‘Mosul’ is an Iraq War Movie that’s Actually About Iraqis

Chris Barsanti
Jan 4 · 4 min read
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Suhail Dabbach in ‘Mosul’ (Netflix)

One of the most important movies of 2020 is on Netflix right now, but you probably don’t know it. Most people did not notice when the service dropped Mosul onto the service in late November. That was not unusual. A lot of movies were getting lost in the deluge of digital sound and vision being pumped into our devices. But even during more ordinary times, this is a movie that would have had a difficult time getting traction. After all, it’s an Iraq War without Americans.

Written and directed by Matthew Michael Carnahan, Mosul is based on Luke Mogelson’s 2017 New Yorker article about the heroism of the Nineveh SWAT team in the battle to retake the city of Mosul from ISIS. It’s top-rate wartime journalism, detailing with gripping prose the fighters’ desperate, up-against-a-wall determination to wrest their home from a vile enemy. They were a fierce enough band of brothers (“If you go toward death, death retreats” was typical dialogue) that for them ISIS revoked their customary chance for prisoners to pledge allegiance to the Caliphate, simply executing them instead. “We had killed too many of them,” one SWAT member told Mogelson.

Carnahan, a writer of topical thrillers that often laid a scrim of topicality atop somewhat generic action (Deepwater Horizon, World War Z), mostly repeats that pattern here in his directorial debut. Shearing off most of the backstory, he bends and twists the material until it fits a 21st century action-movie template. Things kick off when a SWAT detachment which has gone rogue to carry out a mission of personal import comes across Kawa, a young and untested Kurdish policeman Kawa (Adam Bessa) pinned down by ISIS. After making short work of the enemy, the team’s leader Captain Jasem (the great Suhail Dabbach) brings Kawa along with them. They fight their way through Mosul, largely reduced by years of shelling and street-fighting to a Stalingrad-like sprawl of dun-colored rubble.

In keeping with the aggressively showy style of combat favored by Netflix actioners like Extraction (which shares the Russo brothers as producers with Mosul), Carnahan makes sure that the combat is unrelenting and studded with deadly shocks. Snipers, VBIEDs, booby traps, and kamikaze drones are constant threats. At the same time, though, he mostly eschews gaming-type leveling in which the team goes up against progressively more difficult challenges or shows superhuman capabilities. The fighting is presented as more grim task to be completed than heroic endeavor. “We can rebuild,” Jasem says to Kawa with Dabbach’s etched granite F. Murray Abraham-esque stoicism. “We just have to kill them all first.”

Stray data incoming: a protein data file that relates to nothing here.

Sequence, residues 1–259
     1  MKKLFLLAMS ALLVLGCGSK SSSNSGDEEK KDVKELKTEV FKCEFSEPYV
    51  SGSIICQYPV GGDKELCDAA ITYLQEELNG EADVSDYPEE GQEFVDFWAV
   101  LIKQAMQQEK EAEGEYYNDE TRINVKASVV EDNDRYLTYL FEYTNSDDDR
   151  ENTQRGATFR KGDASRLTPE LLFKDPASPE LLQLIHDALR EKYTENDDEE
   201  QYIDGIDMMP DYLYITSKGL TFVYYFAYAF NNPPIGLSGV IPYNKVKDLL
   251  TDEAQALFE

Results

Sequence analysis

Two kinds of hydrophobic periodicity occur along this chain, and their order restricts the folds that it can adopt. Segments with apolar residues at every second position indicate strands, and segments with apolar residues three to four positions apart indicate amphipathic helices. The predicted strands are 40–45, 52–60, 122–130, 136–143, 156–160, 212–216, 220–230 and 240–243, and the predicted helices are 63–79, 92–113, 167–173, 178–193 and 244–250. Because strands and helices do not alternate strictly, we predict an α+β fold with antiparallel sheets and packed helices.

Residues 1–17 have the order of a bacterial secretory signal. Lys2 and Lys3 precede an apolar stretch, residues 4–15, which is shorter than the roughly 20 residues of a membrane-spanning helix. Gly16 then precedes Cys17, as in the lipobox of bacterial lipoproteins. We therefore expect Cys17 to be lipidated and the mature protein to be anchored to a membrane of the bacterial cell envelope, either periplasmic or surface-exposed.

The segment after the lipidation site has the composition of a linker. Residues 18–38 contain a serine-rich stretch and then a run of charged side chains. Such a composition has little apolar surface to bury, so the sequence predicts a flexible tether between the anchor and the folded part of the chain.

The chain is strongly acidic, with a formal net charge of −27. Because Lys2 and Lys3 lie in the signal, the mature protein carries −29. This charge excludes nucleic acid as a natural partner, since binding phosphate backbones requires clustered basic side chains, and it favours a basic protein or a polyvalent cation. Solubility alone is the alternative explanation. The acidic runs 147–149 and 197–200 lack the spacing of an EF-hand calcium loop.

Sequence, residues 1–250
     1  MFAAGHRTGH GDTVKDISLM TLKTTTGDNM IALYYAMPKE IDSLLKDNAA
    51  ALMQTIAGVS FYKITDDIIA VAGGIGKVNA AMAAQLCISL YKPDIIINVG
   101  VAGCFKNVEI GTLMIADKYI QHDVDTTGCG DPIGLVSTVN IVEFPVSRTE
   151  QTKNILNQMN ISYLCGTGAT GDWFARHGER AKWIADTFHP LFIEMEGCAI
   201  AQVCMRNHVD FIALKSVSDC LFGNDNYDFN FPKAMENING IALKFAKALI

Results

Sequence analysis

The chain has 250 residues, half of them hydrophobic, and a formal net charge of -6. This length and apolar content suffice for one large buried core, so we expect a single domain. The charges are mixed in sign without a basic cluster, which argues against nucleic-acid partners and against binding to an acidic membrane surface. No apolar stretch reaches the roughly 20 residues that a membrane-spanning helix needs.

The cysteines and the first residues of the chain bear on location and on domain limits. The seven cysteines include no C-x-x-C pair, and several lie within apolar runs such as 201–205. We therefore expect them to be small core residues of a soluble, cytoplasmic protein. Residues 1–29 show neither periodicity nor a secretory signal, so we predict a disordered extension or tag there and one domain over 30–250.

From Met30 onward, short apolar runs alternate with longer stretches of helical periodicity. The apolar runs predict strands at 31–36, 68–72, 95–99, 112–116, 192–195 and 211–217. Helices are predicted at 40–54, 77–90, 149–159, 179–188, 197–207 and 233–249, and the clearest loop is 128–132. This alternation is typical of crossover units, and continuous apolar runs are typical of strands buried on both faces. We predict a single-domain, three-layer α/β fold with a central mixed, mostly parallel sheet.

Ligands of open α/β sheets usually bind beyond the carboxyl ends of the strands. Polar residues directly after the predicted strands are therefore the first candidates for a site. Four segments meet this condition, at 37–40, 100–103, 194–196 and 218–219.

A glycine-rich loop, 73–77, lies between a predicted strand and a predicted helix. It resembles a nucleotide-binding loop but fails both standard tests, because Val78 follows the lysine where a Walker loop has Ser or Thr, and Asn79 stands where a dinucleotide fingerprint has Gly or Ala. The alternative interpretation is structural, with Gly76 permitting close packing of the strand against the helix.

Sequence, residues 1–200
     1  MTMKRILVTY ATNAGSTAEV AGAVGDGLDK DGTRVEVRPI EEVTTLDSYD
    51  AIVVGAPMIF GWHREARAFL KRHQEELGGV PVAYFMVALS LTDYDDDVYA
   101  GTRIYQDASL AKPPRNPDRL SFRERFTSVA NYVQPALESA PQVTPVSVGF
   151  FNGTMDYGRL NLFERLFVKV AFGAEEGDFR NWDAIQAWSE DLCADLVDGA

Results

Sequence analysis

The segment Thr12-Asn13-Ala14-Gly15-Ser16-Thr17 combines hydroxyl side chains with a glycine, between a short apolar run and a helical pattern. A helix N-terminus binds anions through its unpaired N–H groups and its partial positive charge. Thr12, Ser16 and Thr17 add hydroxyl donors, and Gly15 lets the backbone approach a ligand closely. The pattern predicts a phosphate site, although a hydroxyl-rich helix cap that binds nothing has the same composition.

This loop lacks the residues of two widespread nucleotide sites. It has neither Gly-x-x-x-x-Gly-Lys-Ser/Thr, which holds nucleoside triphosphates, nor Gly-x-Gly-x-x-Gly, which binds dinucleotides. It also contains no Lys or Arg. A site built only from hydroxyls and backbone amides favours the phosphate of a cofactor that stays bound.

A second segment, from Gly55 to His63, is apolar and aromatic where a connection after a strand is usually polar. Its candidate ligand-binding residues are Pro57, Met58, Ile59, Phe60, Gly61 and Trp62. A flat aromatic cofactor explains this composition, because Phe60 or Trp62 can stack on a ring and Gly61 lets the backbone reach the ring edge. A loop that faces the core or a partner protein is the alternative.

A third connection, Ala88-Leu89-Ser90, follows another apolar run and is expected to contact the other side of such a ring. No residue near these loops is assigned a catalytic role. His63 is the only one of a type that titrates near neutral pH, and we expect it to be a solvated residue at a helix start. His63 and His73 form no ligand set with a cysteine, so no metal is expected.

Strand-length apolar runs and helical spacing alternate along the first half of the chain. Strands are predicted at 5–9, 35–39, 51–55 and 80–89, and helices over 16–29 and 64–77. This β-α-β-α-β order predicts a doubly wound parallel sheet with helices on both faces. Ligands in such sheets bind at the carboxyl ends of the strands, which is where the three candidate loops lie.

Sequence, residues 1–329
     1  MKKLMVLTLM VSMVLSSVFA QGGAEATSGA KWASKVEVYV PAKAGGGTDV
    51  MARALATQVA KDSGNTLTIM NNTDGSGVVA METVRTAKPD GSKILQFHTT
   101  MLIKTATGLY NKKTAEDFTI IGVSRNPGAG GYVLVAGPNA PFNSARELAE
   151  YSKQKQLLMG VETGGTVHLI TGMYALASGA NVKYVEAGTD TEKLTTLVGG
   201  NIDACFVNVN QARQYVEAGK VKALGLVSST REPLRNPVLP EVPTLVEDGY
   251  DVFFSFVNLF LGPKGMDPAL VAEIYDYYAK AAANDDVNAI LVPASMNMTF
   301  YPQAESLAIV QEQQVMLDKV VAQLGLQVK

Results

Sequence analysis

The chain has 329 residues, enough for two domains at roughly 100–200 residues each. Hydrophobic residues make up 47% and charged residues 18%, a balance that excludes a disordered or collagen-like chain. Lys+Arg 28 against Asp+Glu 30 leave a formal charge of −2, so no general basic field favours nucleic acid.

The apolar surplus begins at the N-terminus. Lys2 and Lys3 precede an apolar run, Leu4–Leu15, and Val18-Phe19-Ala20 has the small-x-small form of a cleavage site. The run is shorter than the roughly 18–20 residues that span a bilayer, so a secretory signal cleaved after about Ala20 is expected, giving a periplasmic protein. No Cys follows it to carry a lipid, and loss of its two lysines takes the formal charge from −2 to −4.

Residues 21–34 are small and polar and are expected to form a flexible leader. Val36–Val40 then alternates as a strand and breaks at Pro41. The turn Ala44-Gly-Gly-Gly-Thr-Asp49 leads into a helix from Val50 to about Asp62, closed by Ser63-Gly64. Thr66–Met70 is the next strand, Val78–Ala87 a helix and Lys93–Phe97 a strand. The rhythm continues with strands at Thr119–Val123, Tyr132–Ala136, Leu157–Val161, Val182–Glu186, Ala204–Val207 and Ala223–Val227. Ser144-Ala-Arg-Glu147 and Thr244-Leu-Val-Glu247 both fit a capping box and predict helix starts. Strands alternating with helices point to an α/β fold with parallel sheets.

At the same time, Carnahan layers in humanizing elements that help the men come across as people rather than gaming avatars. Delighted at finding an apartment in the shattered city that still has electricity and a functioning television, they settle in for a quick hookah break, phone recharge, and check-in on a favorite soap opera (“Kuwaitis, bro,” one sighs admiringly while watching a character with multiple wives).

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Generally effective, if often unsurprising, Mosul is unlikely to be remembered on its own cinematic merits. However, while Carnahan’s flattening of the story into one potentially doomed mission has its dramatic flaws, his focus on Iraqis is not only welcome, it still stands as something of a rebuke to just about every other Iraq War movie out there. Since the 2003 invasion, American depictions of the war have tended to the solipsistic, using the Iraqi battlefield as a vehicle for celebrating the nation’s manhood (American Sniper, which looks even uglier and more jingoistic now than then), critiquing its moral shortcomings (In the Valley of Elah, Redacted), or working out other issues that have little or nothing to do with the war itself (The Hurt Locker). Despite their other merits, these dramas, much like Spike Lee’s Da 5 Bloods, tend to use the locals not as actual people whose nationhood hangs in the balance but mere color for Americans to enact guilt or revenge upon.

In Mosul, though, Americans are there only as a bad memory. The story features characters young enough to have been children when the occupation began. “We used to throw rocks at the Americans,” one SWAT member comments, casually upending the rigid good Arab/bad Arab dichotomy used in most War on Terror narratives. At one point, a suggestion is made to call in an airstrike by the Americans who remain in country to provide extra firepower. That gets swatted down: “They flatten everything because they don’t have to rebuild anything.”

That sense of history, that awareness of what has come before and what might come after, reverberates throughout Mosul. No matter that the SWAT is fighting through a city of rubble, Jasem still makes a point of picking up the trash wherever they are. In one somewhat manufactured yet still memorable moment, the squad comes across a Shiite militia commanded by a snaky and fey Iranian Special Forces colonel (Waleed Elgadi). His definition of Iraq (“You were created by a drunk British dilettante and a French bureaucrat with inaccurate maps”) drips with aristocratic scorn. Yet the reaction to his words feels like a country trying to put itself back together again.

Title: Mosul
Director/writer: Matthew Michael Carnahan
Cast: Suhail Dabbach, Bilal Adam Bessa, Is’haq Elias, Waleed Elgadi
Studio: Netflix
Rating: TV-MA
Year: 2020
Official site

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